24 November 2023

Archival footage: My Week of Riding Dangerously [UPDATED]

The following essay was posted to both the Rigid/Hardtail and the 50+ Years Old forums at mtbr.com on 24 November 2023.



Turned 57 a couple weeks ago. Means I've been riding mountain bikes for close to 40 years now. 

As happens to some of us, I ended up hanging on to many of my old bikes, and have acquired and restored a couple other vintage rigs over the years, too.  Several of my older bikes are still intact and quite rideable.  The rest have essentially become organ donors or wall-art, so in a sense still "around" if only in spirit.
Quite literally hanging on (the ceiling) to several old bikes
Had an idea pop into my head the other day, as a kind of 57th birthday commemoration, that I'd ride (as-in really ride, on singletrack trails, out in the woods, just like I used to back-in-the-day) some of my oldest bikes over the course of a few days in the vicinity of my birthday and try to hit as close to an aggregate 57 miles as I could in the process. Rounding upward by just a few tenths, I pretty much nailed it at the end of Day 4 of what I've decided to call: My Week of Riding Dangerously

It was brutal. It was amazing. Effort was expended. Flow was elusive. Skin was lost. Blood was shed.

Flats: 0
Broken body/bike parts: 0
Dabs, portages, mulligans: lost count

I've no regrets. 

My Week of Riding Dangerously was everything I wanted/needed it to be: a fully analog, thoroughly tactile, uninsulated reminder of so many of the aesthetics and sensations that initially drew me into the sport in the first place so many years ago.  

If you've still got an old bike or two hanging around in your garage, I encourage you to dust it off, pump up the tires, and take if for a legit spin on your local XC trails... Just one old dood's opinion, but I think it's good for our aging souls to reminisce, and to reflect on how far things have come in the decades that have passed since we first got started riding bikes on trails.  

I'll leave you with a few terribly obvious observations from My Week of Riding Dangerously:
  • Disc brakes are so much better than cantis... but cantis worked back then, and they still do today.
  • Dropper posts are essential to effective and responsive bike handling... but ride an old bike around for a bit and you'll quickly recall how steep and quick you can still ride without ever lowering your saddle.
  • Suspension forks, tubeless tires, wide bars, short stems, beefy rims, and slack geometry definitely enhance bike handling in innumerable positive ways... but the truth of the matter is, you can still have a great nostalgic time shredding around on rigid, narrow, long, and steep sh!t, too.  You're just not going to be able to do it as fast or effectively as you're accustomed to.  And in my book, to on occasion be reminded of how far you've come, and how much things have changed (mostly for the better), isn't really a bad thing,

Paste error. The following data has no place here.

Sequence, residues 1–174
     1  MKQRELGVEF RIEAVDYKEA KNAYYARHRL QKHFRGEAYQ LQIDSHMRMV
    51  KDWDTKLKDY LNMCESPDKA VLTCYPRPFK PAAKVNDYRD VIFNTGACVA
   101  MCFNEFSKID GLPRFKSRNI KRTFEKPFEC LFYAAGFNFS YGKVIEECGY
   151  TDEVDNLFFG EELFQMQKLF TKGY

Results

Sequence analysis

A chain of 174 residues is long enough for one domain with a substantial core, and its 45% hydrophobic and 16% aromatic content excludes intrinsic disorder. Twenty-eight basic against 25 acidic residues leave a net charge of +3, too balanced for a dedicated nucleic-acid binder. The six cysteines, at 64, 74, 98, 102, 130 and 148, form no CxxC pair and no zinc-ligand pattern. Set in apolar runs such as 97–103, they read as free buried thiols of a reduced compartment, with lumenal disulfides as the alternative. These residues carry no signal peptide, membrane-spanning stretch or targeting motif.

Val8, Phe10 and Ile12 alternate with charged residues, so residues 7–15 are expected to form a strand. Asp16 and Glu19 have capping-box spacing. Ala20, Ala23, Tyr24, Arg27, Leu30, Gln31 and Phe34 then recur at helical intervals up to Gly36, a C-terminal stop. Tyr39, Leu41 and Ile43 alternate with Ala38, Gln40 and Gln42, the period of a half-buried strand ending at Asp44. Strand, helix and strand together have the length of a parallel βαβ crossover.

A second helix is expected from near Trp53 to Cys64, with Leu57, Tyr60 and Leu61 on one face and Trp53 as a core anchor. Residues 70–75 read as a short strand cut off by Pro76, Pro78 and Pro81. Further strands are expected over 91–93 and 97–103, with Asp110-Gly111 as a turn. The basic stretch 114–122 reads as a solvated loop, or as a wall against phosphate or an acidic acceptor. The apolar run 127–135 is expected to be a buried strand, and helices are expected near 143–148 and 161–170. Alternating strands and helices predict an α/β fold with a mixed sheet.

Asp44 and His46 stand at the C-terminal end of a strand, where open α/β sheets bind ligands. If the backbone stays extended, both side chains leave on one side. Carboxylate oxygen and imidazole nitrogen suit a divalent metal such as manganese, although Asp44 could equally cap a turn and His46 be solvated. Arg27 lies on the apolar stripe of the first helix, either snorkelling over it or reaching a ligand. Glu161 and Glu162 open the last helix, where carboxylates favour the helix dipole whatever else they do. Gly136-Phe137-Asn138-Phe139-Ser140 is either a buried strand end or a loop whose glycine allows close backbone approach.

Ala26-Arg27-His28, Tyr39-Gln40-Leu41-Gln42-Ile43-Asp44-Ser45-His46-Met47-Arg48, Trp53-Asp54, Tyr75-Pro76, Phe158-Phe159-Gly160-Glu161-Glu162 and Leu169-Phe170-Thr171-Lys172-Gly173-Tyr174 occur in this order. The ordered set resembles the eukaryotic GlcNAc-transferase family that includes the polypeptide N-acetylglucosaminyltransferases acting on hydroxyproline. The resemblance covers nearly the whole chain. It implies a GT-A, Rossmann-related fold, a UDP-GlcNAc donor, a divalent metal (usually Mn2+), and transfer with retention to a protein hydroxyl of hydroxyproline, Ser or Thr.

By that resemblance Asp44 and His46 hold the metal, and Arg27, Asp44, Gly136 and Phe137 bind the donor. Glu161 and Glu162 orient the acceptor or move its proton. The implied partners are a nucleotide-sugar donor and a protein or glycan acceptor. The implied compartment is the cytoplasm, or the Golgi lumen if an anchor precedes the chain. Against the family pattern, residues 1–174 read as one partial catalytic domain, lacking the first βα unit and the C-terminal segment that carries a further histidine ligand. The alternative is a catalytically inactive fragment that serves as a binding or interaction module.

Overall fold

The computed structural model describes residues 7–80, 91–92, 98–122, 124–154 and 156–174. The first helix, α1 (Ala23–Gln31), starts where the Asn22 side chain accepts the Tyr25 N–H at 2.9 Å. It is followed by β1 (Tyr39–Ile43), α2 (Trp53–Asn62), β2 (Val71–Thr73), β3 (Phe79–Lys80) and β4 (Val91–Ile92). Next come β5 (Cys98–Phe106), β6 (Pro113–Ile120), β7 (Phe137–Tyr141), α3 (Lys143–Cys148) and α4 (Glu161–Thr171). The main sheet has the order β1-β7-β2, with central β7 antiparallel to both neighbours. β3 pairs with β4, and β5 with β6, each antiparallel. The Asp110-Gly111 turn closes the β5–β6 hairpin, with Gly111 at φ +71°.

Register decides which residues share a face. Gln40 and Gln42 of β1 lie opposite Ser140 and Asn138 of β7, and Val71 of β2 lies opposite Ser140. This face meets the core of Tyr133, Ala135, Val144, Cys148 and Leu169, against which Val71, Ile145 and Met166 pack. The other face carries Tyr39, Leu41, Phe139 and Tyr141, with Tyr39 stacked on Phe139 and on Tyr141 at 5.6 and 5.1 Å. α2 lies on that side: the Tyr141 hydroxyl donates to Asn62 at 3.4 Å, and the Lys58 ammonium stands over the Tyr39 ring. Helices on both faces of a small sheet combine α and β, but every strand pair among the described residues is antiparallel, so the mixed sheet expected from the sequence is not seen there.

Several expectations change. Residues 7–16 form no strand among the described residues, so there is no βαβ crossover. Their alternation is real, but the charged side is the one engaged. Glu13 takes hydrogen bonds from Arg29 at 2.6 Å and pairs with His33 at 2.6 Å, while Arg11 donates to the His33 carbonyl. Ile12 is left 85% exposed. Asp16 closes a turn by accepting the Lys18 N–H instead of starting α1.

Below are some sexy iPhone portrait-mode pictures of the bikes and the distances/elevations I rode during My Week of Riding Dangerously.

1994 Breezer Lightning -- 12 miles -- 1000 feet elev.

1991 Ibis Mountain Trials -- 13 miles -- 1100 feet elev.

1992 Retrotec -- 16 miles -- 1800 feet elev.

1985 Rock Lobster -- 16 miles -- 1300 feet elev.

Update: 25 November 2023
 
Thought this response to my original post in MTBR's Rigid/Hardtail forum, along with my reply, merited inclusion here.
I make a rule that every new bike purchase must be followed by selling a bike.
Thanks for confirming this is a good policy.
I guess I could see your point... if we were talking about shoes, or T-shirts, or even skis... there are lots of things that we own which were at one point cool or fashionable or top-tier-tech that tend to lose their luster or efficacy over time. That kind of stuff is consumable, it wears out and becomes just so much trash.

But there are other things, like old bikes and cars and tractors, which, while no longer top-tier by any means, are nonetheless, if they've been well-maintained or carefully restored, still perfectly viable, even dare-I-say pleasurable, as modes of transport if you're willing to shift your mental space into a more nostalgic mode whenever you intend to enjoy them.

I'm really, really glad I've kept my old bikes.

Pretty sure my urge to hang on to, and likewise to ride these old bikes out in the woods once in a while, is triggered by the same part of my brain-stem that salves the old dude's desire to drive around town on Friday night in his sweet 1970 Oldsmobile 442, which it just so happens is exactly like the one he drove in high school... or the the war vet's compulsion to meticulously restore and tractor around the fairgrounds on Labor Day weekend in his old 1928 John Deere, which looks, sounds and smells just like the one he grew up driving on the farm back-home.
May your trails be crooked, winding, lonesome, dangerous, leading to the most amazing view. -- Ed Abbey